Patron Saint of Young Girls
Saint Agnes of Rome was an innocent girl of 12 or 13 when she was martyred for refusing to deny her faith and marry the governor of her home. She declared that she was already promised to the Lord and is said to have looked as happy as a bride on her wedding day when she was going to be executed because she knew that in death she would be united with Jesus. She is usually portrayed with a lamb to signify her purity. Her feast day is January 21.
Patron Saint of Teenage Boys
Saint Aloysius Gonzaga was born into a family of Italian nobility in the 16th century. He renounced his life of wealth and privilege, made a vow of chastity at age 9, and eventually became a Jesuit. He was studious and counselled many of his friends. He died during an outbreak of the plague after caring for the sick. His feast day is June 21.
Patron Saint of Teenage Girls
Saint Maria Goretti was an Italian peasant who died in 1902 at the age of 12 after being brutally attacked and raped. She may not have had a good education, but she had an abundance of faith. She fought her attacker and yelled that God did not wish for what was happening, that it was a sin. Years later, her attacker saw a vision of Maria offering him flowers in a dream and he sought the forgiveness of her family. Her feast day is July 6.
After all that talk about young children and teenagers, maybe it would be good to mention that the patron saint of parenthood is Saint Rita of Cascia. In addition to our Blessed Mother and Saint Joseph, of course!
Outside of the Classroom
Patron Saint of Athletes
Saint Sebastian was born in Gaul and then lived in Rome during the 3rd century. He was a member of the Roman army, eventually becoming a captain under Diocletian. When it was discovered that he was a Christian who had converted many soldiers, he was put to death. He is also the patron saint of archers and his feast day is January 20.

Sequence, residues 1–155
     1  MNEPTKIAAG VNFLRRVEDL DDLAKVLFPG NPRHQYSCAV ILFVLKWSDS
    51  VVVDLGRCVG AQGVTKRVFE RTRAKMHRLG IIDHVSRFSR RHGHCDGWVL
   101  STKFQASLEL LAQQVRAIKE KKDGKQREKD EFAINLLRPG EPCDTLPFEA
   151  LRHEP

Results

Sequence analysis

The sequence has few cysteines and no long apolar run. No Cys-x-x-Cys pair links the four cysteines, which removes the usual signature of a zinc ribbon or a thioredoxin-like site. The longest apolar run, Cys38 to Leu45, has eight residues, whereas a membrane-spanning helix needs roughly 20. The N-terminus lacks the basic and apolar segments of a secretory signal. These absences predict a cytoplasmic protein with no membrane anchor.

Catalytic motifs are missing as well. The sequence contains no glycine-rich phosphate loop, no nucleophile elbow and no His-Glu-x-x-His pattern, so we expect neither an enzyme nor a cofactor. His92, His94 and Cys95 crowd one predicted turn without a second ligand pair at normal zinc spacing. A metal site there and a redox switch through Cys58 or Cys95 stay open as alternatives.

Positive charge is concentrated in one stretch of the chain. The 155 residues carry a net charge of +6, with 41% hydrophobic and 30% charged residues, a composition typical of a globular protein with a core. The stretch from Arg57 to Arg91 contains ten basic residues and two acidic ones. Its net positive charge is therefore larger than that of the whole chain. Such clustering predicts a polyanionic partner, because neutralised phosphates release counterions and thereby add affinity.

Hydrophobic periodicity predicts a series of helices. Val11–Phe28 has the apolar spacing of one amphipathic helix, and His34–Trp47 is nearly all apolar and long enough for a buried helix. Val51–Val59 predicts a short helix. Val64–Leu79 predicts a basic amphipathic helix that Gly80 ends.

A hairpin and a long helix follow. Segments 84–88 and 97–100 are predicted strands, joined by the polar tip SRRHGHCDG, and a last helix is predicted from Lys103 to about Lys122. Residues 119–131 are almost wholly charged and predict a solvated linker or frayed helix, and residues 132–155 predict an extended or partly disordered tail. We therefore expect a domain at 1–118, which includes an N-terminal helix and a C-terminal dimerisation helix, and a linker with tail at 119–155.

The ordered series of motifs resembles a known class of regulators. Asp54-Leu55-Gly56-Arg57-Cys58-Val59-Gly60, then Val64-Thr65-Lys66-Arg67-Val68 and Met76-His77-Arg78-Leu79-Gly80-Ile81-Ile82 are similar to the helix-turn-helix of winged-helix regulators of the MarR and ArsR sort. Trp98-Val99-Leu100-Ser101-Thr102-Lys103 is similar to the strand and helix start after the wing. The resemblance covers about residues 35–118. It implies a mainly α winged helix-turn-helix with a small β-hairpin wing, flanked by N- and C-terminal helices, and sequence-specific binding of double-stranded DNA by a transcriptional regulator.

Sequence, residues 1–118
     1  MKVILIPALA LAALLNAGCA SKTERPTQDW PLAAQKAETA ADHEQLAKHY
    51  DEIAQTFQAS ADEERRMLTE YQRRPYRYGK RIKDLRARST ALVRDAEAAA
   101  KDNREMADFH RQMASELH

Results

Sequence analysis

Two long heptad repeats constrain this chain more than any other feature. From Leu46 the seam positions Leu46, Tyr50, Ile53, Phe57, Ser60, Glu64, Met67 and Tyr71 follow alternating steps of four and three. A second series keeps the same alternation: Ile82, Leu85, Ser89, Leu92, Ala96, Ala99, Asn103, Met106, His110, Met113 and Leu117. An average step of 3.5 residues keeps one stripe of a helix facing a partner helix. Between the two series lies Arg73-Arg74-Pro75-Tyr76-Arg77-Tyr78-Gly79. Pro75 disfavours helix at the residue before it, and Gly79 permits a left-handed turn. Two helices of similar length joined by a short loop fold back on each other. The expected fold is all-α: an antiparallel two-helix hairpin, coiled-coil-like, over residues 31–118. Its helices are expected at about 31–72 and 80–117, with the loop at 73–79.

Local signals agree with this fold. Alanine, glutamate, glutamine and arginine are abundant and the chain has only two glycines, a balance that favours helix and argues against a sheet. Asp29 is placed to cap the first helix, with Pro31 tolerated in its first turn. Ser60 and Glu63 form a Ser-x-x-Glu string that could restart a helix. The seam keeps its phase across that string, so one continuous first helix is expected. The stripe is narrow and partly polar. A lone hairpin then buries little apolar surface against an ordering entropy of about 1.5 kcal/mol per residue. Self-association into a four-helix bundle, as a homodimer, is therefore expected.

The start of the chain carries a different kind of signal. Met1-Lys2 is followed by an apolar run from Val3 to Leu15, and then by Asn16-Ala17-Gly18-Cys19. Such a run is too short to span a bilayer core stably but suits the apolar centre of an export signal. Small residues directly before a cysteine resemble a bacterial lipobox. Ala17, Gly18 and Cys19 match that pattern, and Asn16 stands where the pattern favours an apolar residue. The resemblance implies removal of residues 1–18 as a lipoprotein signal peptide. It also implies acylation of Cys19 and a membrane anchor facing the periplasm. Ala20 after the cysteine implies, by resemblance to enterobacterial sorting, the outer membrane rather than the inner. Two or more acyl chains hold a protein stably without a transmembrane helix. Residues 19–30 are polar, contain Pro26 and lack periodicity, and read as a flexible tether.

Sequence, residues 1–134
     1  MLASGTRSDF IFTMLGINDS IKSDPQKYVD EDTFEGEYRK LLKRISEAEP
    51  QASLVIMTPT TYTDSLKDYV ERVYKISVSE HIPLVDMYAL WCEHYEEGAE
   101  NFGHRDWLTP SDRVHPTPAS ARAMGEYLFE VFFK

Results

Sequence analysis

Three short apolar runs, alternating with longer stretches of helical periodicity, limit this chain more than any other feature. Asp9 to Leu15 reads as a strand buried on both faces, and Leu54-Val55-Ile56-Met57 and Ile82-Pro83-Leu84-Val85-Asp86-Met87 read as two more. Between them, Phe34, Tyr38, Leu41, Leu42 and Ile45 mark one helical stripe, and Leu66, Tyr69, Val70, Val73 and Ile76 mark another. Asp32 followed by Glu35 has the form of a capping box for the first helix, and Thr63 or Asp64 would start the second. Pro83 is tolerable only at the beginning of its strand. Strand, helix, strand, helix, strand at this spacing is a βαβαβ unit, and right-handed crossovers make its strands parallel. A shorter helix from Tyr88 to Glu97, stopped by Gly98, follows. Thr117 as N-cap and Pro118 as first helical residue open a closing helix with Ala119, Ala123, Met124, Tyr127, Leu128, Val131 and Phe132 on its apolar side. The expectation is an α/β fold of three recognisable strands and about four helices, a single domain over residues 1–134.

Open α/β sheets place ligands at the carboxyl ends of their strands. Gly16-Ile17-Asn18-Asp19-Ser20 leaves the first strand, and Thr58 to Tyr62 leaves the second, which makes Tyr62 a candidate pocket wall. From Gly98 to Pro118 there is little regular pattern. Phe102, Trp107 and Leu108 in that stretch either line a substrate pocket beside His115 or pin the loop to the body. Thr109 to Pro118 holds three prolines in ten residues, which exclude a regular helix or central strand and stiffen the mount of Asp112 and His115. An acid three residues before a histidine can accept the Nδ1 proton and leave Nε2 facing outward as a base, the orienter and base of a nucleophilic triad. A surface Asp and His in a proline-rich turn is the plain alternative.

Patron Saint of Bus Drivers
Yep! That would be Saint Christopher. The legendary saint of the early Christian church who is said to have delivered the child Jesus safely across a river is also the patron of the brave men and women who transport our kids to school and back every day. His feast day is July 25.
Patron Saint of the Sick
There is a patron Saint for just about any illness or malady you can think of. For throat ailments, pray to Saint Blaise. For cancer, Saint Peregrine. For tummy troubles, look to Saint Timothy. But for general sicknesses (and for doctors, too), the saintly one to look to is Saint Michael the Archangel, who will also be there to escort the faithful to Heaven when they die.
These two suggestions are for the tweens and teens in our lives. Blessed Pier Giorgio Frassati and Blessed Chiara Badano are two 20th century Italians who turned the ordinary into the extraordinary. Their lives of simple holiness, giving endlessly of the love of Christ to others, ended with illness at young ages. How special would it be for our kids to establish prayerful relationships with these modern-day young people and then witness their canonizations?!
For further information on patron Saints, take a look at the following websites. Consider yourselves warned, though! Once you get started looking these things up, you might just make a new friend or two.
EWTN’s Saints & Other Holy People
Catholic Online’s Saints and Angels
Saint’s Name Generator
5 Patron Saints of Students[Tweet “To whom should we turn for help with our school-related issues this year and in the future?”]
Written by Beth Williby. Find out more about her here.